Alarmingly high HIV/AIDS prevalence rates in Ugandan fishing communities are threatening the lucrative fishing industry, which brought some US 105 million into the country in 2004, a new government survey has found.
In scaling up antiretroviral treatment (ART), financing is fast becoming less of a constraint than the human resources to ensure the implementation of the programmes. In the countries hardest affected by the acquired immunodeficiency syndrome (AIDS) pandemic, AIDS increases workloads, professional frustration and burn-out. It affects health workers also directly, contributing to rising sick leave and attrition rates. This burden is shouldered by a health workforce weakened already by chronic deficiencies in training, distribution and retention. In these countries, health workforce issues can no longer be analysed from the traditional perspective of human resource development, but should start from the position that entire societies are in a process of social involution of a scale unprecedented in human history. Strategies that proved to be effective and correct in past conditions need be reviewed, particularly in the domains of human resource management and policy-making, education and international aid. True paradigm shifts are thus required, without which the fundamental changes required to effectively strengthen the health workforce are unlikely to be initiated.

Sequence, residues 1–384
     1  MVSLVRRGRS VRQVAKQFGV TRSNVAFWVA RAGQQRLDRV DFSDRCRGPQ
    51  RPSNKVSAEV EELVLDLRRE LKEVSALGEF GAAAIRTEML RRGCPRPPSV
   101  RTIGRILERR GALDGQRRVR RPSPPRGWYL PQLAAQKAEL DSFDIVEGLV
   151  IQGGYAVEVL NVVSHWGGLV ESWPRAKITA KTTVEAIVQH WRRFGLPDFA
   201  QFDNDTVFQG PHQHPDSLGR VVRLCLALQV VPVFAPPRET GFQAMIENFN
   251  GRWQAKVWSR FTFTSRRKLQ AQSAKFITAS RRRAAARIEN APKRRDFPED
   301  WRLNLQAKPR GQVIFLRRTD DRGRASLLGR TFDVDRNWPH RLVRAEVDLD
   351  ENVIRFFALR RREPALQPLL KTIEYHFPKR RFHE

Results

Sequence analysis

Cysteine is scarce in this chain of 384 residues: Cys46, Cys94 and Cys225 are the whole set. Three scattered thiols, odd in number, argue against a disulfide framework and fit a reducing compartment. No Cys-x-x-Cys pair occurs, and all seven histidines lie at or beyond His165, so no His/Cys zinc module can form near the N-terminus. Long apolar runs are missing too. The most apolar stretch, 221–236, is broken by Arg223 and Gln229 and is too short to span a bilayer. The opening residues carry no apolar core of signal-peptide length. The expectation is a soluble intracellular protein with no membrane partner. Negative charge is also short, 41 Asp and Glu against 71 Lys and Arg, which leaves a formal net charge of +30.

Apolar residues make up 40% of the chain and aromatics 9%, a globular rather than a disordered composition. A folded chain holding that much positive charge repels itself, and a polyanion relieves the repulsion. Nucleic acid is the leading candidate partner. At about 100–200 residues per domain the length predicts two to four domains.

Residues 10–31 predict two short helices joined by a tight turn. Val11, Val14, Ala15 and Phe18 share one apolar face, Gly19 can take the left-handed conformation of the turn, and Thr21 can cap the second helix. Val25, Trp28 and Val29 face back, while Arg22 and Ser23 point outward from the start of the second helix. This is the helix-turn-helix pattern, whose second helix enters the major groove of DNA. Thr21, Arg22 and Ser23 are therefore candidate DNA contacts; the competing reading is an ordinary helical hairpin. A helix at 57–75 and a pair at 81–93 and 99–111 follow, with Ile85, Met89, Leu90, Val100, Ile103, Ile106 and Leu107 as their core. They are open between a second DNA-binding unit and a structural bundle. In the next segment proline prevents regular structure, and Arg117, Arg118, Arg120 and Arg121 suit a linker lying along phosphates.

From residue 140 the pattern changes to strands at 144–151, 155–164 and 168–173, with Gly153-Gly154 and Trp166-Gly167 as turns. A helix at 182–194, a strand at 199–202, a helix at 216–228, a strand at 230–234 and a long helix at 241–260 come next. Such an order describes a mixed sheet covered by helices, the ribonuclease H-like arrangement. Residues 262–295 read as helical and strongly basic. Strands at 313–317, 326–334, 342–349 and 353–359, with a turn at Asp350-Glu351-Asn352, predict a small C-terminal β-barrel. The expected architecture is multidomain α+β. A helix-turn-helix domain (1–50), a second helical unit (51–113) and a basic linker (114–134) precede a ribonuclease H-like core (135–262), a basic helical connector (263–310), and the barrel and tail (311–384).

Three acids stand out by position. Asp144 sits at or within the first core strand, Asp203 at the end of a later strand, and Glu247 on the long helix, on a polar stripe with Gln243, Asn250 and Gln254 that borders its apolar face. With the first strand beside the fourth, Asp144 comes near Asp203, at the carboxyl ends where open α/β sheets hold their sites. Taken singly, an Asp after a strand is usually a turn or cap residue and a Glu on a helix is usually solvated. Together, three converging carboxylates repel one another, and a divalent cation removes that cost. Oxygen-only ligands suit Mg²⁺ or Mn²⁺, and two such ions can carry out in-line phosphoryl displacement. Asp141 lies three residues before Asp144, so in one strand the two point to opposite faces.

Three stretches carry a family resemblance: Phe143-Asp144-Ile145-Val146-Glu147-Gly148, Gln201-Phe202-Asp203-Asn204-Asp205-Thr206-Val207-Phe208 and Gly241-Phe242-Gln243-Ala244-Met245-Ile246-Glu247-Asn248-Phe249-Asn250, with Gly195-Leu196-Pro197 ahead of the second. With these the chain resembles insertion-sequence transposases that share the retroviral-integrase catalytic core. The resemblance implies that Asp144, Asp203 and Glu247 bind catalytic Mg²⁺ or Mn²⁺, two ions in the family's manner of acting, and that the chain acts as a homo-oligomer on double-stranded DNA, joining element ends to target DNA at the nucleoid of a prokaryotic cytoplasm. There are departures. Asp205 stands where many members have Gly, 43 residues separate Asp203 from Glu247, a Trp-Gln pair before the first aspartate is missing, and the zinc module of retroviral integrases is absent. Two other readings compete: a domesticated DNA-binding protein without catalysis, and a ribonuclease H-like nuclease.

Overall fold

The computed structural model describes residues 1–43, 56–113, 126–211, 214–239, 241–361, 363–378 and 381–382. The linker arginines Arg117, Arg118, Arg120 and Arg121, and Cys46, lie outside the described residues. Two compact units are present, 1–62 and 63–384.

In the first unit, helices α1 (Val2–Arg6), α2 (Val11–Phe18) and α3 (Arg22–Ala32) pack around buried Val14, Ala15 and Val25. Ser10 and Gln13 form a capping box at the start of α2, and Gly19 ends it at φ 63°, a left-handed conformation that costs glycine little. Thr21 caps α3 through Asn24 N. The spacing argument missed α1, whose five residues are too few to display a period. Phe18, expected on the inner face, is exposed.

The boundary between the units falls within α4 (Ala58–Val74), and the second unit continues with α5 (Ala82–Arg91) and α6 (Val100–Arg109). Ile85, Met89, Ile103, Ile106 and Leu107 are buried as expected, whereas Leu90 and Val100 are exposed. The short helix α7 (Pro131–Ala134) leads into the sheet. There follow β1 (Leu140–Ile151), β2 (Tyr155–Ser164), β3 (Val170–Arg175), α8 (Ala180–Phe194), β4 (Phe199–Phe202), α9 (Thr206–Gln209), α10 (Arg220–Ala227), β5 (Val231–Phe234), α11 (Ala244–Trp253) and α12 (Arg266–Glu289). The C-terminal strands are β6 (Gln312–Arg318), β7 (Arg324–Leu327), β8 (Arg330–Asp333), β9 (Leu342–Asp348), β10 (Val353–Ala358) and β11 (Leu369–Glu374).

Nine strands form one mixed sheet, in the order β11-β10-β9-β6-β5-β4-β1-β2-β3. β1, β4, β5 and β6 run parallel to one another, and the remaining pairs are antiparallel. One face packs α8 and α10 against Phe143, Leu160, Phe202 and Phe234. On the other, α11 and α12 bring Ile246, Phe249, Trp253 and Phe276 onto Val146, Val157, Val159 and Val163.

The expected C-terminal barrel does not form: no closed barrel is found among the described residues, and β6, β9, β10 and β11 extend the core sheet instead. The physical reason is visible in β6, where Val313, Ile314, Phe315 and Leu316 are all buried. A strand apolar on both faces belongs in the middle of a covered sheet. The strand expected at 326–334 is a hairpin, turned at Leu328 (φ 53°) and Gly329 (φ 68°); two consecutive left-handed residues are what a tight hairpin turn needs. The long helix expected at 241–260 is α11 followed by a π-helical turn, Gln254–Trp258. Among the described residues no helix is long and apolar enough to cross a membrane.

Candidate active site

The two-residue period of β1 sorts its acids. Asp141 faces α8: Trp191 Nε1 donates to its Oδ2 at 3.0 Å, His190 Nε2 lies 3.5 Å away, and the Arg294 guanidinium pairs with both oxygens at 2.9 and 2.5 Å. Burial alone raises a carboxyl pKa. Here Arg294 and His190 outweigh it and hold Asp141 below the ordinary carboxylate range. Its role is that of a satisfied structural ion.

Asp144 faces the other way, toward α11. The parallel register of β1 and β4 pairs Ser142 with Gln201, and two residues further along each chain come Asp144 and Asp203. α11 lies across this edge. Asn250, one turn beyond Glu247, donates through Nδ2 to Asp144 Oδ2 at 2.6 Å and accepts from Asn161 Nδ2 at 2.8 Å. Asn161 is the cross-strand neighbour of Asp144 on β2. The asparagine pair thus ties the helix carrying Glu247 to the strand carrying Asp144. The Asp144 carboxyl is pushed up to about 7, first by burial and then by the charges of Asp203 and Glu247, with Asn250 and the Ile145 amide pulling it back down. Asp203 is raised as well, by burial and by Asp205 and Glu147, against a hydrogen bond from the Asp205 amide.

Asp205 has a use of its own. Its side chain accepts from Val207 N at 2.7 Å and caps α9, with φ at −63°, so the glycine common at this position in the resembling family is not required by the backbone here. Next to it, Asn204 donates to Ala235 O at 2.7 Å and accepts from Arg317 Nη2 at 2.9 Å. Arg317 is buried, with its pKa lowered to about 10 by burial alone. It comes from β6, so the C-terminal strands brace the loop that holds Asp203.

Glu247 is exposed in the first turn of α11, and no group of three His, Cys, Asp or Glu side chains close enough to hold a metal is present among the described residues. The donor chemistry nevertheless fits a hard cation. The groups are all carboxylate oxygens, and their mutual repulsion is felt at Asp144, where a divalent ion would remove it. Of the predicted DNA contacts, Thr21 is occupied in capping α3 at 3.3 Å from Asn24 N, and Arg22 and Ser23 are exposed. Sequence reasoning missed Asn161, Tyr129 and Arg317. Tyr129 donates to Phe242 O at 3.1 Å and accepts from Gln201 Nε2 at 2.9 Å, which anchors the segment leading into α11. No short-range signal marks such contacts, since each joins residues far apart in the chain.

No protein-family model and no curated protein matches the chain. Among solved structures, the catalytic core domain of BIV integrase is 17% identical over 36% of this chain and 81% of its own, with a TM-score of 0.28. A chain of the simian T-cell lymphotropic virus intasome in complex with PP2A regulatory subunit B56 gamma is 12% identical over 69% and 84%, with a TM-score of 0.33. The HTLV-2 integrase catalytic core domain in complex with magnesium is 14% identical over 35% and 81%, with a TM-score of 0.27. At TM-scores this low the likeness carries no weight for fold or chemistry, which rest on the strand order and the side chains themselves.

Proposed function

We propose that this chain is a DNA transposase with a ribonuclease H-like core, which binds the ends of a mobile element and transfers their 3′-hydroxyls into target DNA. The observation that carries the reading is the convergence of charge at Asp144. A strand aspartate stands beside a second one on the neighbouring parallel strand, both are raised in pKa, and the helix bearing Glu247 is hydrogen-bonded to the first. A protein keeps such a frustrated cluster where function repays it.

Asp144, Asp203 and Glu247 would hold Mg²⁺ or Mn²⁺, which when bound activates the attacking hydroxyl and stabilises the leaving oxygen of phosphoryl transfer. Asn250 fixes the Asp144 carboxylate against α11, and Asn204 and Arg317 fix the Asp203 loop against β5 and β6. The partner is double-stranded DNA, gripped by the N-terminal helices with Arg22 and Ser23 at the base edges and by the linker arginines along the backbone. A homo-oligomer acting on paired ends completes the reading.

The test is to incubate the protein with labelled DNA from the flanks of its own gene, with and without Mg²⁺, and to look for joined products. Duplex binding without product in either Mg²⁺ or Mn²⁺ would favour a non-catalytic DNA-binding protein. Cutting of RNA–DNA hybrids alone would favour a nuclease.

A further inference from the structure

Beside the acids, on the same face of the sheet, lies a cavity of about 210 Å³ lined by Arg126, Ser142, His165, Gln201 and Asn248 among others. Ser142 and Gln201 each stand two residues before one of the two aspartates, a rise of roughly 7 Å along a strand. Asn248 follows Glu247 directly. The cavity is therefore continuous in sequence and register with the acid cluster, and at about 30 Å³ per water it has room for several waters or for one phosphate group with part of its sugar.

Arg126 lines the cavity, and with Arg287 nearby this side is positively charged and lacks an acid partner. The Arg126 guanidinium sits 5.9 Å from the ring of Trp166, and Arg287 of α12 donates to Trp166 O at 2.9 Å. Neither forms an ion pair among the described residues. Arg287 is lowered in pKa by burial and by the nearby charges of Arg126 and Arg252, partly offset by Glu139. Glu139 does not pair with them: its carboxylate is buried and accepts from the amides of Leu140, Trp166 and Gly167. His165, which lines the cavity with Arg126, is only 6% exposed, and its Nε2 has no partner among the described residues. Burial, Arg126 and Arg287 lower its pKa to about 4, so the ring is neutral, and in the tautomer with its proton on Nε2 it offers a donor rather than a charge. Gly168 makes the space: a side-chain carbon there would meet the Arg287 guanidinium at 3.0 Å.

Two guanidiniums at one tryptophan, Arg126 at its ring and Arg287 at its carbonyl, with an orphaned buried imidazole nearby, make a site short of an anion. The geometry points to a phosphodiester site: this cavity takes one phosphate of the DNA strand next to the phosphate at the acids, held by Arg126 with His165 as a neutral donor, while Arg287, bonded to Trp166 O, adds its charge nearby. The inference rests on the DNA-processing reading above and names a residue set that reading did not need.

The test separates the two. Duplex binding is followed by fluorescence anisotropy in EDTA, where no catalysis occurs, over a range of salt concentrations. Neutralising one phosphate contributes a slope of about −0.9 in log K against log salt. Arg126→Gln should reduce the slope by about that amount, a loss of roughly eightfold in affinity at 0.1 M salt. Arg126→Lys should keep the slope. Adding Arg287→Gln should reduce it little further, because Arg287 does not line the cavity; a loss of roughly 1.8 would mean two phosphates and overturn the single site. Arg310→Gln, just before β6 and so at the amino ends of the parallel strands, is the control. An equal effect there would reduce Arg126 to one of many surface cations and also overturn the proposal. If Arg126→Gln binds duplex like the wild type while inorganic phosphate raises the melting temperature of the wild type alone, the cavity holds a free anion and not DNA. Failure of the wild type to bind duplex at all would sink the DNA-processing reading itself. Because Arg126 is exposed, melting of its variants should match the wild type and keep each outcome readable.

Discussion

KZN MEC Peggy Nkonyeni has increased the budget of the province's emergency services by almost 30%, but says it is still not enough to meet demand.
It gives me great pleasure to present the budget of the national Department of Health for your consideration, debate and acceptance.
Womens Rights in the Fight against HIV/AIDS
The speech of the Deputy Health Minister Nozizwe Madlala-Routledge.
The brain drain of nurses and doctors in African countries is jeopardising the global fight against HIV/AIDS.